Wednesday, July 13, 2011

Sometimes I don't like being a mom....


I know-it’s been a short time since I’ve posted; I’ve been on hiatus…sounds better than just being inundated with obligatory tasks related to beginning a new school year, doesn’t it?

I wasn’t even planning on posting today, however a happening will occur today for my child will most likely fracture his heart and this part of being a parent, I do not like! ...sometimes I don't like being a mom~

As a parent, how do you keep your child from being saddened by life’s experiences? I presume you can’t but however as a mother, I certainly want to wrap him in a bubble and protect him from all disappointments and hurts that will occur.

However, CONGRATULATIONS are in order for one of Nicholas’ most cherished individuals; Ms. Amy Betz. As Nicholas transitioned to middle school last year she was an intern who deeply touched the heart and life of my child. She is sweet, caring person who has that ability to touch the heart of a child (and adults) and make them feel as if the world is their stage.

Her kindness and insight gave Nicholas confidence to conquer the middle school world and navigate this unknown territory with self-belief and self-reliance; recognizing Ms. Betz would be there to catch him if he fell.

However, as all fine things eventually come to an end, so did her stint as intern. The last month of school Nicholas steered his own course and was pleased that Ms. Betz would return to his school in a different capacity, but not her area of expertise. Nicholas was thrilled and over-joyed; his buoyancy restored!

Fast forward to today—Ms. Betz was granted a position as Assistant Principal at our local high school; congratulations are in order as her dream has been granted! …in the same vein, my son will hear the heart-breaking news this day.

So my question this morning is this; as a parent, how do you keep your child sheltered from a world of disappointment? I already know the answer to this rhetoric question...I guess you don't~ but what I want to say is this...

Run my dear

From anything

That may not strengthen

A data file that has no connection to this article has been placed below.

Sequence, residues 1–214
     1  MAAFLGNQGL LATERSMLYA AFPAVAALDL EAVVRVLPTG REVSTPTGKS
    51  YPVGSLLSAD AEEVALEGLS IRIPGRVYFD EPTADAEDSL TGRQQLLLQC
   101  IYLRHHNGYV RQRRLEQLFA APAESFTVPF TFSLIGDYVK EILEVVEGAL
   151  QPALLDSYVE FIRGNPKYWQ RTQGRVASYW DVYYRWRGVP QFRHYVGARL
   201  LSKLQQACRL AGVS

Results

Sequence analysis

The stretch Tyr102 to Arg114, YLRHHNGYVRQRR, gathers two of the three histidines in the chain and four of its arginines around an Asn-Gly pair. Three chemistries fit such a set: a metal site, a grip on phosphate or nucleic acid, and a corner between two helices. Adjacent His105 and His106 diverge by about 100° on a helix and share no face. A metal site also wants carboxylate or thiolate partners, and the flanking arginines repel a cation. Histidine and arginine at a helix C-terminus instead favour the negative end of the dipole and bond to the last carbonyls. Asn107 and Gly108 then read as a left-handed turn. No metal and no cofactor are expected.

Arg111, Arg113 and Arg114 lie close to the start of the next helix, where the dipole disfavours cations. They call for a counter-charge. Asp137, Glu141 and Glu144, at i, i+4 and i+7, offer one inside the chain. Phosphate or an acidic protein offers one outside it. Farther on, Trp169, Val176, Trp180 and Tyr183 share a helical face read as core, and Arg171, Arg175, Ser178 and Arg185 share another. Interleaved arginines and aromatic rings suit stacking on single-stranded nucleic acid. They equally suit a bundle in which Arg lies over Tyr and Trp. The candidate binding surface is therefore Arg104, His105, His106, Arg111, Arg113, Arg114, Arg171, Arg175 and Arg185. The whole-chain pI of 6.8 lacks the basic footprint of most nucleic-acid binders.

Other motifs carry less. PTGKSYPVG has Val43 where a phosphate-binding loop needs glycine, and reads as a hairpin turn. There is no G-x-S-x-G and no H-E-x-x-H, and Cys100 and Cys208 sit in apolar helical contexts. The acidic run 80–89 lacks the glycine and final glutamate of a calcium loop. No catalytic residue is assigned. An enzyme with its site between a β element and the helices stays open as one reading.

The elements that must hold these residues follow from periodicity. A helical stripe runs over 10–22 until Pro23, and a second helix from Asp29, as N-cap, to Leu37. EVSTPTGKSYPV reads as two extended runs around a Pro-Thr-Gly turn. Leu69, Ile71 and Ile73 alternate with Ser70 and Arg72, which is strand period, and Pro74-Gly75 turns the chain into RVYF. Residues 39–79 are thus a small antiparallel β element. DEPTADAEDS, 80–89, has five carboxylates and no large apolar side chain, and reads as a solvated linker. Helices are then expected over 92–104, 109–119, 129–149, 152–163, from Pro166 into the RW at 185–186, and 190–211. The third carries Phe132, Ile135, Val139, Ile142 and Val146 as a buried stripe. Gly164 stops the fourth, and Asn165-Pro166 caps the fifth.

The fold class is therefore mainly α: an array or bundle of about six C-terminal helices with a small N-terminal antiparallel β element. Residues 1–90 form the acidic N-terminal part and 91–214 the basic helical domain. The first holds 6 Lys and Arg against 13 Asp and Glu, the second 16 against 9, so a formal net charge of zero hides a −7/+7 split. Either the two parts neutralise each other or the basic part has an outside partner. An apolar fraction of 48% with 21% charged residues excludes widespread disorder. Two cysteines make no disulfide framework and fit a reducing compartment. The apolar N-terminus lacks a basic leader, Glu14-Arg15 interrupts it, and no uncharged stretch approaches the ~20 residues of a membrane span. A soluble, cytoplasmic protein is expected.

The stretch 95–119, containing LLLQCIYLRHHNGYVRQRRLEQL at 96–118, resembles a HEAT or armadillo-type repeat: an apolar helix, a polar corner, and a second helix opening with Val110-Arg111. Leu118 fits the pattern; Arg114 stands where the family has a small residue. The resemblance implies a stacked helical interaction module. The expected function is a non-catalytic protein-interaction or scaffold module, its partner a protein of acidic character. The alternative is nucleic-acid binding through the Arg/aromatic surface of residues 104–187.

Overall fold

...your precious budding wings


Run like hell my dear...





-Hafiz, The Gift

32 comments:

Frank said...

Ohk I think by this time you must have broken the news to your lil son.Congrats to Ms Betz anyway! I only hope your son takes it sportingly.
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Out on the prairie said...

I think I still try to shelter mine a bit, even as adults. I hate to see any kid sad.Nice to hear from you, I have missed you.

Margaret (Peggy or Peg too) said...

I have a very close friend who sheltered her son so much he couldn't cope with any darn thing as a young man. He never had to learn. It was so sad to witness. He is now 23 and when he has an obstacle in life he can't neither cope or figure it out. This young man is not prepared for the world and how sad at 23 he was never given the tools. She realizes it now but what can she do now?

I know it is hard to watch someone you love so much discover the pain in the world but learning to cope with it is such a great lesson that can be cushioned with love from a parent.

I am so thrilled that Ms. Betz was such a beacon for your son. And congrats to her for the promotion!

Fuzzy Tales said...

Congratulations definitely are in order to Ms. Betz.

Since I'm not a parent, I don't have this to deal with. I think it would be very tough -- you can't shield your child from life's disappointments and sorrows, because there will be many. A great many. So you want to give them the skills and tools to be emotionally resilient, yet not become despondent and discouraged by life's losses. Daunting.

texwisgirl said...

just one of the many 'toughen up' lessons to be learned along the way to adulthood.

Tammy@Simple Southern Happiness said...

Well, life if full of hurts from childhood to adult I am sorry to say. If we have caring parents that can help us through those difficult times when we are young that will help us when we get older. I did not have that kind of help but was told to buck up and get over it (stern military family). This may have helped me in my adulthood, but when looking back, a hug and "I Love You" would have been much more comforthing. Not having children I cant lend any advise, I think you already have a head start with your love for him and your hugs will get him through his pain.